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Employment-Based Health Insurance and Aggregate Labor Supply

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  • Zhigang Feng

    (University of Illinois at Urbana-Champaign)

  • Kai Zhao

    (University of Connecticut)

Abstract

We study the impact of the employment-based health insurance system on aggregate labor supply in a general equilibrium life cycle model with incomplete markets and idiosyncratic risks in both income and medical expenses. We find that employment-based health insurance provides Americans with an extra incentive to work and is an important reason why they work much more hours than Europeans. In contrast to Europeans, who get universal health insurance from the government, most working-age Americans get health insurance through their employers. Since medical expenses are large and volatile, and there is no good alternative available in the private market, health insurance from employers can be highly valuable to risk-averse individuals (much more than its actuarially fair cost), thus providing them with extra incentive to work. We calibrate the benchmark model to match the US system using the Medical Expenditure Panel Survey dataset. The results of our quantitative experiments suggest that different health insurance systems account for more than half of the difference in aggregate hours that Americans and Europeans work. Furthermore, our model can also match several other relevant empirical observations, that is, the different employment rates and the different shares of full-time/part-time workers in the U.S. and Europe. When our model is extended to include the different tax rates in the U.S. and Europe, a main existing explanation for the difference in aggregate labor supply, the extended model can account for a major portion of the difference in aggregate hours that Americans and Europeans work.

Suggested Citation

  • Zhigang Feng & Kai Zhao, 2015. "Employment-Based Health Insurance and Aggregate Labor Supply," Working papers 2015-11, University of Connecticut, Department of Economics.
  • Handle: RePEc:uct:uconnp:2015-11
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    References listed on IDEAS

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    1. Janicki, Hubert P., 2014. "The role of asset testing in public health insurance reform," Journal of Economic Dynamics and Control, Elsevier, vol. 44(C), pages 169-195.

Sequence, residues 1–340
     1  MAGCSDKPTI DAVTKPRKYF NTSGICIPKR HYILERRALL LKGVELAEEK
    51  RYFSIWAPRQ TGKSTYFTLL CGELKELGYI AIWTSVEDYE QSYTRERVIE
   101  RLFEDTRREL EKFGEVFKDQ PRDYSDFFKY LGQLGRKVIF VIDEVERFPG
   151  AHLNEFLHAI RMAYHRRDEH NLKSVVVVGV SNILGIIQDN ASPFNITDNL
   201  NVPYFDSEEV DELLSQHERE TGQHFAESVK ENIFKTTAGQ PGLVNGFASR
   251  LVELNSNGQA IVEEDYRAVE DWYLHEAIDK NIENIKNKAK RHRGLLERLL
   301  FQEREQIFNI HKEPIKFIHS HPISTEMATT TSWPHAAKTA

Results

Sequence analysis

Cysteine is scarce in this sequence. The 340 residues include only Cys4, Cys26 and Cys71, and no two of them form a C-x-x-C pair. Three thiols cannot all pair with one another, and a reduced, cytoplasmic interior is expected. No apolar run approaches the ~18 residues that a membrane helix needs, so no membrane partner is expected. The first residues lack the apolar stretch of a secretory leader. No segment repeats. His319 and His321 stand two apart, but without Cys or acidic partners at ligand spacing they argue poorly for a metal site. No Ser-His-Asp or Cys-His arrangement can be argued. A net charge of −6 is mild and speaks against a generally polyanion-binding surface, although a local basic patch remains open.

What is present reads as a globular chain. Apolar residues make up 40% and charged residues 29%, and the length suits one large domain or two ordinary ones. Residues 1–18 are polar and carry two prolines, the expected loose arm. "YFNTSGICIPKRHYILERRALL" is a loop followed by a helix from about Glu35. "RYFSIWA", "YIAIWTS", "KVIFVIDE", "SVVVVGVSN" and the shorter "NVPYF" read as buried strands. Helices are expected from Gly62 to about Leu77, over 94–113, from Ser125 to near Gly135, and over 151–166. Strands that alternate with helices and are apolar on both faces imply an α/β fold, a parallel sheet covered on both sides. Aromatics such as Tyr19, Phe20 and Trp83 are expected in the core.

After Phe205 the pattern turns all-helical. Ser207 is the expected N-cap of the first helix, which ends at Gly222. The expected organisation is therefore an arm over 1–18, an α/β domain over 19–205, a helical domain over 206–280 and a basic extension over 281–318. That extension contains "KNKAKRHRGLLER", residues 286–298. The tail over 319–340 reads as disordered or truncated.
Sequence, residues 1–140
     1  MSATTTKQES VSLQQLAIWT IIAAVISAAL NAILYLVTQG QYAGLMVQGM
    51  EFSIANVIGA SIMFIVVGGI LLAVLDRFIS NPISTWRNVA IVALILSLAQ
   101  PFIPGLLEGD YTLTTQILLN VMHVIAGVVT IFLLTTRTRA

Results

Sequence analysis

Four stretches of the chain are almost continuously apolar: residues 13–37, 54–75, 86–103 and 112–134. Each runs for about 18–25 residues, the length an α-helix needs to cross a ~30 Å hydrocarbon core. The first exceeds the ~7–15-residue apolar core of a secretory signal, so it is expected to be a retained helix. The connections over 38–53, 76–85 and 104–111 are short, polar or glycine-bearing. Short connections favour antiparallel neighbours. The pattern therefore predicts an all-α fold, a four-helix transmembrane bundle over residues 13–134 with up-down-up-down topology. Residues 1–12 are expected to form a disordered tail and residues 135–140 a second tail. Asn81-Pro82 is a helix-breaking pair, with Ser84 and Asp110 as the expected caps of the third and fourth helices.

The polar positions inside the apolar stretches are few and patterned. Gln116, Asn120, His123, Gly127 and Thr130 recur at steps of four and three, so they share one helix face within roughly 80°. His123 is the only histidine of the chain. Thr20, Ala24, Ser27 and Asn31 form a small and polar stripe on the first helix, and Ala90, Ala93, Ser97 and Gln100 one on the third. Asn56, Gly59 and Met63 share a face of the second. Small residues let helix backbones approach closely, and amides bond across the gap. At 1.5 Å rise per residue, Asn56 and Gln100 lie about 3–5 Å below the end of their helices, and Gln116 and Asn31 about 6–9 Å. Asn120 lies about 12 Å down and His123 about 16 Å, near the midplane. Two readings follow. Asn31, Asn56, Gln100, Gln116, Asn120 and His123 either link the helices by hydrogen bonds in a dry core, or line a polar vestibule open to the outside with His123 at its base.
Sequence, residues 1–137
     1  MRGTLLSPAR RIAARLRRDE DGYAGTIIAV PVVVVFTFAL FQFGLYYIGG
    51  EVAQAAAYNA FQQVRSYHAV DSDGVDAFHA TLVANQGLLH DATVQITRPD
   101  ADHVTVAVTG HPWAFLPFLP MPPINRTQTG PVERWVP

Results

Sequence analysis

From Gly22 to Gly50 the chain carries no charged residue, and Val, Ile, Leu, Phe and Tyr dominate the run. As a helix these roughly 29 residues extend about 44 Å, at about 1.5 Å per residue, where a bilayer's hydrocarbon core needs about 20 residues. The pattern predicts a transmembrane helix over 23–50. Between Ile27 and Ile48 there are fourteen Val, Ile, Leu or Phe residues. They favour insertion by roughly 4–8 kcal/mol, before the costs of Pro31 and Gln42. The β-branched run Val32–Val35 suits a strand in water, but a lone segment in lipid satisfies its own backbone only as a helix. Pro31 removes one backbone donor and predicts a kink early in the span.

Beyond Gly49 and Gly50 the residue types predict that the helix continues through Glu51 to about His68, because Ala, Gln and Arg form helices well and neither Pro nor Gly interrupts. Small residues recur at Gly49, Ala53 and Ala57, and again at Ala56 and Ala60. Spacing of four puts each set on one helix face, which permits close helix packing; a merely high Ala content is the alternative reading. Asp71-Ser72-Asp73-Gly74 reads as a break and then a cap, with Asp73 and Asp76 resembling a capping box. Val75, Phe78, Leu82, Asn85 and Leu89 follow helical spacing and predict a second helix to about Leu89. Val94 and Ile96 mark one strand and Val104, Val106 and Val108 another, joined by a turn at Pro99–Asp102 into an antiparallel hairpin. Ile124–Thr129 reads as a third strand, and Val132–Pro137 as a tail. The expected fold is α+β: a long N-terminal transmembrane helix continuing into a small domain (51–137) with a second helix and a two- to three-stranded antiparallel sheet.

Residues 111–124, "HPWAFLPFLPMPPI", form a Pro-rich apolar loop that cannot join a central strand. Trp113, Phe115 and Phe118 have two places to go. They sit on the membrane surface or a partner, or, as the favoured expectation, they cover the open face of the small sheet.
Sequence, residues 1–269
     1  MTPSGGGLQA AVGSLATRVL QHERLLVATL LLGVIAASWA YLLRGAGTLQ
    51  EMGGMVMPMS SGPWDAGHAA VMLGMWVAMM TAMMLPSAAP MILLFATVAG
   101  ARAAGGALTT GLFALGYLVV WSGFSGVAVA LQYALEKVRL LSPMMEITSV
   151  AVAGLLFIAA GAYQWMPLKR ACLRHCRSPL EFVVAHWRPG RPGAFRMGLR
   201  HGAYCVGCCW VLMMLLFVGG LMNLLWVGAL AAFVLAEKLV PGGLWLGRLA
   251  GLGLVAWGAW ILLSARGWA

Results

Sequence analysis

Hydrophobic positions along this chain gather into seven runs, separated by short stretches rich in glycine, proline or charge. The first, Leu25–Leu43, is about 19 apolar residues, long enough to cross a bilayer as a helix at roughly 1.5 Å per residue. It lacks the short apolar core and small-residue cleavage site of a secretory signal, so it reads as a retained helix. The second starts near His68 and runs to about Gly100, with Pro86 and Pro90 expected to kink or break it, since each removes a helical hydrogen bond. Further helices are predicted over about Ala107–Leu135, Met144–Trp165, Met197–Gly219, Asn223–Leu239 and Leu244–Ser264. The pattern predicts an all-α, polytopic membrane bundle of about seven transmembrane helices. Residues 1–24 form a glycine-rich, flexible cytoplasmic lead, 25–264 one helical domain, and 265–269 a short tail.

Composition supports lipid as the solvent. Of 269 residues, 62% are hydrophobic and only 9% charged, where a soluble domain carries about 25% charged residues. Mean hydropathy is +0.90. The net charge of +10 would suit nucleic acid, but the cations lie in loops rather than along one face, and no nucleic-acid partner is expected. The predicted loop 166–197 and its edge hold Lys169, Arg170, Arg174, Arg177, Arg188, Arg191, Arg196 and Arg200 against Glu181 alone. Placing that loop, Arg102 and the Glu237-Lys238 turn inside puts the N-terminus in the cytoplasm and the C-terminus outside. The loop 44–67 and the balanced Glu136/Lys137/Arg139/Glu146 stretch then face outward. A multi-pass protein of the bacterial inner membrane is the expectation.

2. Svetlana Pashchenko & Ponpoje Porapakkarm, 2013. "Quantitative Analysis of Health Insurance Reform: Separating Regulation from Redistribution," Review of Economic Dynamics, Elsevier for the Society for Economic Dynamics, vol. 16(3), pages 383-404, July.
    3. Rogerson, Richard & Wallenius, Johanna, 2009. "Micro and macro elasticities in a life cycle model with taxes," Journal of Economic Theory, Elsevier, vol. 144(6), pages 2277-2292, November.
    4. Chakraborty, Indraneel & Holter, Hans A. & Stepanchuk, Serhiy, 2015. "Marriage stability, taxation and aggregate labor supply in the U.S. vs. Europe," Journal of Monetary Economics, Elsevier, vol. 72(C), pages 1-20.
    5. John Rust & Christopher Phelan, 1997. "How Social Security and Medicare Affect Retirement Behavior in a World of Incomplete Markets," Econometrica, Econometric Society, vol. 65(4), pages 781-832, July.
    6. Craig A. Olson, 1998. "A comparison of parametric and semiparametric estimates of the effect of spousal health insurance coverage on weekly hours worked by wives," Journal of Applied Econometrics, John Wiley & Sons, Ltd., vol. 13(5), pages 543-565.
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    8. William C. Hsiao, 2000. "What Should Macroeconomists Know About Health Care Policy; A Primer," IMF Working Papers 00/136, International Monetary Fund.
    9. Tobias Laun & Johanna Wallenius, 2016. "Social Insurance and Retirement: A Cross-Country Perspective," Review of Economic Dynamics, Elsevier for the Society for Economic Dynamics, vol. 22, pages 72-92, October.
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    11. Didem Tuzemen & Makoto Nakajima, 2014. "Health Care Reform or Labor Market Reform? A Quantitative Analysis of the Affordable Care Act," 2014 Meeting Papers 1325, Society for Economic Dynamics.
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    Cited by:

    1. Nga Le Thi Quynh & Groot, Wim & Tomini, Sonila M. & Tomini, Florian, 2017. "Effects of health insurance on labour supply: A systematic review," MERIT Working Papers 017, United Nations University - Maastricht Economic and Social Research Institute on Innovation and Technology (MERIT).

    More about this item

    Keywords

    Labor Supply; Employment-Based Health Insurance; General Equilibrium;

    JEL classification:

    • E20 - Macroeconomics and Monetary Economics - - Consumption, Saving, Production, Employment, and Investment - - - General (includes Measurement and Data)
    • E60 - Macroeconomics and Monetary Economics - - Macroeconomic Policy, Macroeconomic Aspects of Public Finance, and General Outlook - - - General

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